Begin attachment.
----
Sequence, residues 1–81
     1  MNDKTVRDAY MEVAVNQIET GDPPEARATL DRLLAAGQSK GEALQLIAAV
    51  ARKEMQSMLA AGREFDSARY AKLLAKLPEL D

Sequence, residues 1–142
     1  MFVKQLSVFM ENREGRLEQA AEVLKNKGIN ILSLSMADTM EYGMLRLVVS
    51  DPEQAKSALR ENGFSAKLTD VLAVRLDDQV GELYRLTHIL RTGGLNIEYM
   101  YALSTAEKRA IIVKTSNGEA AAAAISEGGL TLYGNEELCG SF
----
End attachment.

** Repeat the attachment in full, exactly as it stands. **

Sequence, residues 1–81
     1  MNDKTVRDAY MEVAVNQIET GDPPEARATL DRLLAAGQSK GEALQLIAAV
    51  ARKEMQSMLA AGREFDSARY AKLLAKLPEL D

Sequence, residues 1–142
     1  MFVKQLSVFM ENREGRLEQA AEVLKNKGIN ILSLSMADTM EYGMLRLVVS
    51  DPEQAKSALR ENGFSAKLTD VLAVRLDDQV GELYRLTHIL RTGGLNIEYM
   101  YALSTAEKRA IIVKTSNGEA AAAAISEGGL TLYGNEELCG SF